Is your email Welcome Series all about you?

By Mark Morin
An email welcome series of emails that greets new subscribers and new customers is a great way to stimulate initial engagement. And it can have a strong influence on subsequent engagement and conversion. But all depends on the value that your welcome series provides to the customers.

Surprisingly, many brands don’t have a welcome series. Often, they settle for a simple autoresponder that confirms sign-up. Or nothing at all. Or, if they do have one, they make it all about themselves.

A brand-centric perspective won’t get the job done

The reason for this is that brand marketers often struggle with welcome series content. Unfamiliar with the customer-centric perspective of relationship marketing, they focus squarely on the brand. They highlight why the brand is cool, how it is better, what products it sells. In addition, they sometimes focus on customer-service related questions on how to order, return items, get answer to questions, etc.

This is all valuable information, at some point in time. But a welcome series is a little like a first date. If you spend all evening talking about yourself and how great you are, your date will quickly lose interest.

If your welcome series isn’t about the customer, you’re missing the point

Your welcome series should be designed to expose your new customers to the cornerstones of your differentiation and value proposition. It should highlight how you will make your customers’ lives better. How you will deliver on your promise.
When designing a welcome series, keep in mind the words of Harvard professor Theodore Levitt – author of Marketing Myopia – who once famously said “your customers don’t want a quarter-inch drill, they want a quarter-inch hole”.
A welcome series is a great time to showcase the experience that you provide to your customers. And to do so, you need to examine it from the customers’ perspective. To see it through their eyes.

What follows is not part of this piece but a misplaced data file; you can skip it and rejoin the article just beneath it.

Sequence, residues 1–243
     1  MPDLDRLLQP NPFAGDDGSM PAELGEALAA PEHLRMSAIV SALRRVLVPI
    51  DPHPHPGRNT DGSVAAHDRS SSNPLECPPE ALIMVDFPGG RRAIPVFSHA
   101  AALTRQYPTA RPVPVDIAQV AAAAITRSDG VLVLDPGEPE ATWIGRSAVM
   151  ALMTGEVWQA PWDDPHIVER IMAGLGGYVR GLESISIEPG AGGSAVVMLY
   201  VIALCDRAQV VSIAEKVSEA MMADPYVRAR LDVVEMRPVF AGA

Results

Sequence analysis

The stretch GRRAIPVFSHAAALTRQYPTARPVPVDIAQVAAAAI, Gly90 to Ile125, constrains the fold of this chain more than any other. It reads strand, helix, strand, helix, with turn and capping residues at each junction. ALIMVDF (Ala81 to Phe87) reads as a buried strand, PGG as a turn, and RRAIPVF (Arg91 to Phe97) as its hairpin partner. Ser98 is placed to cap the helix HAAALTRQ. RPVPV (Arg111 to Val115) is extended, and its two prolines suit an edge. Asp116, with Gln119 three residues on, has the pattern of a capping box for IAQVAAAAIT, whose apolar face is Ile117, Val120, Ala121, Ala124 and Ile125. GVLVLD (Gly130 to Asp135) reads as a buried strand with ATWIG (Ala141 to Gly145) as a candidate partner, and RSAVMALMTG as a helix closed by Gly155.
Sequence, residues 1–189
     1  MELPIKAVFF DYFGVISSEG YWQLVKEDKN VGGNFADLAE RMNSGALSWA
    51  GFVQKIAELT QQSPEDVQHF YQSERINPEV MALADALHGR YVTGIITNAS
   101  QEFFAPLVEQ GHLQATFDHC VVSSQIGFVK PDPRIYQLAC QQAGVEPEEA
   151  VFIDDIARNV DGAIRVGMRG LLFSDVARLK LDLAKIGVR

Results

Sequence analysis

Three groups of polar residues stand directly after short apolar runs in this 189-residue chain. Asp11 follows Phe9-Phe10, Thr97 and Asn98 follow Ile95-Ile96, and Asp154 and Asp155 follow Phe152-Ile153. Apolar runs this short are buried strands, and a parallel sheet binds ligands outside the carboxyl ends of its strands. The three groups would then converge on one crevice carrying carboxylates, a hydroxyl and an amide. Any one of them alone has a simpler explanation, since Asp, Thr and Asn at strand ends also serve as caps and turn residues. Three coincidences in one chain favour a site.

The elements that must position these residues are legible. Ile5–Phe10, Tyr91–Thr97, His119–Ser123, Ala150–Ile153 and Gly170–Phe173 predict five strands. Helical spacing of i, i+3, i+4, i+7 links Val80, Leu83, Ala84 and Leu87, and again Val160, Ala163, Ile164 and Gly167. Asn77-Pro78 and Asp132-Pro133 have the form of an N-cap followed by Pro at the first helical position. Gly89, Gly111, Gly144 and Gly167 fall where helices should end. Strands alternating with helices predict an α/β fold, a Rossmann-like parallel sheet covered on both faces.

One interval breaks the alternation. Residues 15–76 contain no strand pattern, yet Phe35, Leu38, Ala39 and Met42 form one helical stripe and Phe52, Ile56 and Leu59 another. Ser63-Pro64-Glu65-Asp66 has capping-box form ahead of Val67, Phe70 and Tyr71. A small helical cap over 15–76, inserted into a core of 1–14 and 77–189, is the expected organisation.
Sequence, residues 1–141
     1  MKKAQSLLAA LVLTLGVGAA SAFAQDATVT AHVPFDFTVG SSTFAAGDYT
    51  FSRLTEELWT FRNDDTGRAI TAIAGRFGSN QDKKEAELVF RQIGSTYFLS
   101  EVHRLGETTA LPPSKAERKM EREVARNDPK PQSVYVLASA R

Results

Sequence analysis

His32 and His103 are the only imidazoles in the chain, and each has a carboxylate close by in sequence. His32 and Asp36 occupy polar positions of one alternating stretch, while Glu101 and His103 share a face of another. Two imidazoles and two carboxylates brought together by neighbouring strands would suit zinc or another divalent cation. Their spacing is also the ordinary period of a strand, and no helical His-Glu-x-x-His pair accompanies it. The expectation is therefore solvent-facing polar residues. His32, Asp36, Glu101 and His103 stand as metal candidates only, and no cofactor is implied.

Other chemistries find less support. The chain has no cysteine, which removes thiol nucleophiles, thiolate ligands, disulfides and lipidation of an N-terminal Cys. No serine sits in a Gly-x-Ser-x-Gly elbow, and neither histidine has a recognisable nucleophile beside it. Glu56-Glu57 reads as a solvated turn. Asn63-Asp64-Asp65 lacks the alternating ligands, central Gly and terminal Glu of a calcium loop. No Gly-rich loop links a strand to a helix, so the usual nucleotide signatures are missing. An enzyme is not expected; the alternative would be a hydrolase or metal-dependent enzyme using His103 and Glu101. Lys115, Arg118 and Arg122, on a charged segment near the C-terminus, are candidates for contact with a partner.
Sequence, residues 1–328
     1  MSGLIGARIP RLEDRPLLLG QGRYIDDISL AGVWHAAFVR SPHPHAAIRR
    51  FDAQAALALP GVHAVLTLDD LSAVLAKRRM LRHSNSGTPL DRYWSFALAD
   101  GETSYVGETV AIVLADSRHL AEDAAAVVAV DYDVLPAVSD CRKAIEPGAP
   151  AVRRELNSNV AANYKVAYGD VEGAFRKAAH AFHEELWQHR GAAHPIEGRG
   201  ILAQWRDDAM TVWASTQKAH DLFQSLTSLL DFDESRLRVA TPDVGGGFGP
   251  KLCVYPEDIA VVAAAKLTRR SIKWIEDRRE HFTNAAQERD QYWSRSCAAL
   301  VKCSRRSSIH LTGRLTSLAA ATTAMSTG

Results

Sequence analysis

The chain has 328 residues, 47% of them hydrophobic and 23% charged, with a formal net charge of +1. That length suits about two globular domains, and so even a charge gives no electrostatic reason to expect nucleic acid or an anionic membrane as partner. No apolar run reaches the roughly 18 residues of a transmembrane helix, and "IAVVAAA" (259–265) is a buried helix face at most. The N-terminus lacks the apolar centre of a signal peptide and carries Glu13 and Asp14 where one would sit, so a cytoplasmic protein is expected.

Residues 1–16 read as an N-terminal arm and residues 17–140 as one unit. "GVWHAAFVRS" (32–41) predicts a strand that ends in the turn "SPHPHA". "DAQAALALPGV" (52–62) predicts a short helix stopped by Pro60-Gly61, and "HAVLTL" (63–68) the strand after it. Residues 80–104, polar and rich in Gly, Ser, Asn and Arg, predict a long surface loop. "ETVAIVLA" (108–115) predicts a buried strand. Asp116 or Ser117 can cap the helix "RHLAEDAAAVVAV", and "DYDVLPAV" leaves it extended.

Don’t rush the close

A welcome series isn’t an opportunity to close the first sale either. Smart marketers who have had the wisdom to test their welcome series’ length and content know this for a fact.

A shorter welcome series, or a hybrid welcome/promotional series have been found to have a negative impact on subsequent engagement and conversion. So, it’s not the greatest place to include promotions and sales items, featured products, etc. That being said, a welcome offer code can be of value towards the end of the series.

Be patient – Building trust takes time

Now you may wonder how long a series should be. And, of course, the trite answers would be “as long as necessary”. But in practical terms, a minimum of three emails over a ten-day period. Recently, some marketers have increased that number to five emails over a 2-week period. But, the right answer depends on what industry you’re in. And how much value you can deliver to your customers (that is worth talking about).

The smart answer, of course, is to test both length and content. Measure what your customers are engaging with, what they click on, how long they spend reading, etc. And track the engagement decay over the length of the series as well as conversion at the series end. And do this over a sufficient period of time to reach a meaningful conclusion (weeks and months, not hours and days).

How would you like to be welcomed?

At the end of the day, it’s all a matter of respect and trust. Properly greeting and welcoming new customers and subscribers requires a lot of thought. It’s an opportunity to set expectations and share content that is vital to understanding the quality of the experience they are about to receive.

Ask yourself what you would like to know if you were a customer. But be careful of marketer bias. You are probably not your typical customer, so don’t think your opinion is necessarily correct. Make sure that you test and measure multiple viewpoints and find the right balance.


Mark Morin, eec Education & Events Member: Mark brings brands and people closer through relationship marketing, email, cognitive and automation. He is the founder and CEO of strategies.ca, an email marketing collaboratory in Montreal, Canada.

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